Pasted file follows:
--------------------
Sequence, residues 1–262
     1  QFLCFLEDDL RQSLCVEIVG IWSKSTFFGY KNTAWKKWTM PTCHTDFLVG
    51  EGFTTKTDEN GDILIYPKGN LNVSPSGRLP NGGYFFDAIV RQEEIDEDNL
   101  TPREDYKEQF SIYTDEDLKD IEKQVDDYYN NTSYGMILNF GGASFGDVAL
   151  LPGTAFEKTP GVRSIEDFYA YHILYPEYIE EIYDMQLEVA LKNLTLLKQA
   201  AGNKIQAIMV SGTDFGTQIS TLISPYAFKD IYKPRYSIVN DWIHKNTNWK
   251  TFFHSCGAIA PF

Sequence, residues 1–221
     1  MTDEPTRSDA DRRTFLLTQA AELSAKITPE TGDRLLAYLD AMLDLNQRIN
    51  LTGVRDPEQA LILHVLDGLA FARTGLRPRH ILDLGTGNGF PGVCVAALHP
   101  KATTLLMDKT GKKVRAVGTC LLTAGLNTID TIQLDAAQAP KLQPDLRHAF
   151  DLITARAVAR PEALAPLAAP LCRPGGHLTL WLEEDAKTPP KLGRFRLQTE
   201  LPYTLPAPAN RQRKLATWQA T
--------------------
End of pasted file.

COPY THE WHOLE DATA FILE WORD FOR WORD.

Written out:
Sequence, residues 1–262
     1  QFLCFLEDDL RQSLCVEIVG IWSKSTFFGY KNTAWKKWTM PTCHTDFLVG
    51  EGFTTKTDEN GDILIYPKGN LNVSPSGRLP NGGYFFDAIV RQEEIDEDNL
   101  TPREDYKEQF SIYTDEDLKD IEKQVDDYYN NTSYGMILNF GGASFGDVAL
   151  LPGTAFEKTP GVRSIEDFYA YHILYPEYIE EIYDMQLEVA LKNLTLLKQA
   201  AGNKIQAIMV SGTDFGTQIS TLISPYAFKD IYKPRYSIVN DWIHKNTNWK
   251  TFFHSCGAIA PF

Sequence, residues 1–221
     1  MTDEPTRSDA DRRTFLLTQA AELSAKITPE TGDRLLAYLD AMLDLNQRIN
    51  LTGVRDPEQA LILHVLDGLA FARTGLRPRH ILDLGTGNGF PGVCVAALHP
   101  KATTLLMDKT GKKVRAVGTC LLTAGLNTID TIQLDAAQAP KLQPDLRHAF
   151  DLITARAVAR PEALAPLAAP LCRPGGHLTL WLEEDAKTPP KLGRFRLQTE
   201  LPYTLPAPAN RQRKLATWQA T